Thailand-based activist Shirley Seng of the Kachin Women’s Association told Compass that civilians have been living in fear since military action hit Kachin state last June, and that her research team found that women and children were most affected by the war. At least 37 women and girls were raped during the first two months of the conflict, she said – 13 of them killed.
She added that other girls and women continue to be abducted.
“They just disappear after being abducted,” Seng said. “Perhaps they are first sexually abused and then killed or sold to brothels.”
President’s Sham Order
The KIO controls most of Kachin state and runs schools and hospitals and the public distribution system. The Burmese government or Army has little control outside the state capital of Myitkyina. Since June 2011, however, when the Army ended a 17-year-long ceasefire with the KIO, government troops were heavily deployed in KIO-controlled areas leading to clashes.
More than 90 clashes have occurred between the Army and the armed insurgents since President Sein, a former junta general, reportedly instructed the military on Dec. 10 to start no fighting with the KIA.
The president’s order was apparently a mere show, the Kachin source said, adding that deployment of Army personnel and attacks on civilians were on the rise and helicopters were bringing in ammunition and reinforcements.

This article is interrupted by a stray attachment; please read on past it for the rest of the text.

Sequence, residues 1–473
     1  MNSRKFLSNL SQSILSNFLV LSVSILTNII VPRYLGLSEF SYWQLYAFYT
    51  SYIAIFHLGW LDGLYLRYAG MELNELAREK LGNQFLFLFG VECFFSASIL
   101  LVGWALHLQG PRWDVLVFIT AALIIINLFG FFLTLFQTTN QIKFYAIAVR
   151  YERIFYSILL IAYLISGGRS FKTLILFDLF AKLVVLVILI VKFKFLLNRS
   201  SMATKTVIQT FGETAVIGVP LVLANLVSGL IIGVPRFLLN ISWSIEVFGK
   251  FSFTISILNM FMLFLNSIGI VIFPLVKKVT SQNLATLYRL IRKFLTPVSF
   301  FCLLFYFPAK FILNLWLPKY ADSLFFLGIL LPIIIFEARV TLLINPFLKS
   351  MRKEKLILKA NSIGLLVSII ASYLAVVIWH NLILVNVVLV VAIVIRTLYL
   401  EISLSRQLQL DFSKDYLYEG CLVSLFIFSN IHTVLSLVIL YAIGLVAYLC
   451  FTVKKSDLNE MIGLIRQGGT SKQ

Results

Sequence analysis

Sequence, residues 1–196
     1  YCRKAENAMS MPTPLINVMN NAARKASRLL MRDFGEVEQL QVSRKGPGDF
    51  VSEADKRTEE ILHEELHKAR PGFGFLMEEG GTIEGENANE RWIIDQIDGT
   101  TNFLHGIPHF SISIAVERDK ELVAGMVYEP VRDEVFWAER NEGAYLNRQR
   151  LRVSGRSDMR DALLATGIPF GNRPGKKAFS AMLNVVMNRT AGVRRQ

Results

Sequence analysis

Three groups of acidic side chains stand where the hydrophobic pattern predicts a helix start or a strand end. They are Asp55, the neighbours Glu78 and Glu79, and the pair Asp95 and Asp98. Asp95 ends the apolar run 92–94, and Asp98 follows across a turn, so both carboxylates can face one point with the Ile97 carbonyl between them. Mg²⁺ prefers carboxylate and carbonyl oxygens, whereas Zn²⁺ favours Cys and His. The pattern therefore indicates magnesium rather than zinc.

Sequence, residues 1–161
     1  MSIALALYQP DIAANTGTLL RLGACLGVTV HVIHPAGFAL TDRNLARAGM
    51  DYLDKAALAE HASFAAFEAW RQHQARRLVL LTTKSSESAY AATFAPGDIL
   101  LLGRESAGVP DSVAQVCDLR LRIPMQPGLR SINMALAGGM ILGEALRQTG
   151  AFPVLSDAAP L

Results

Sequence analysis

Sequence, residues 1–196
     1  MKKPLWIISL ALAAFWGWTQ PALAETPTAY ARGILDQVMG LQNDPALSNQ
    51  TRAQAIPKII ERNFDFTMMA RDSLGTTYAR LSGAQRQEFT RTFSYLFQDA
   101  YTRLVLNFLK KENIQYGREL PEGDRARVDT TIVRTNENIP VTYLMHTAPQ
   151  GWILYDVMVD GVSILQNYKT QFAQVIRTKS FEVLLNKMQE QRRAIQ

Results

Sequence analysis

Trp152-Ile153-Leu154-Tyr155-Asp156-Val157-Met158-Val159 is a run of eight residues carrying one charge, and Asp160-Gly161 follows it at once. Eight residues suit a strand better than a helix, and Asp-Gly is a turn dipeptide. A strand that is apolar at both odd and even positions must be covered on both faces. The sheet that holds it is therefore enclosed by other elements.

“The government made peace with [formerly detained opposition leader] Aung San Suu Kyi and has set a few political prisoners free to gain concessions from the international community on its brutal military offensive against ethnic minority states, primarily in Kachin,” the source said.
After the general election in 2011, believed to be rigged and the first in two decades of junta rule, the military’s proxy Union Solidarity and Development Party came to power and has been trying to showcase reforms in an attempt to end economic sanctions and gain legitimacy.
Little has changed, however, for Burma’s ethnic minorities.
Internally Displaced People
According to local estimates, the military conflict has displaced about 45,000 people.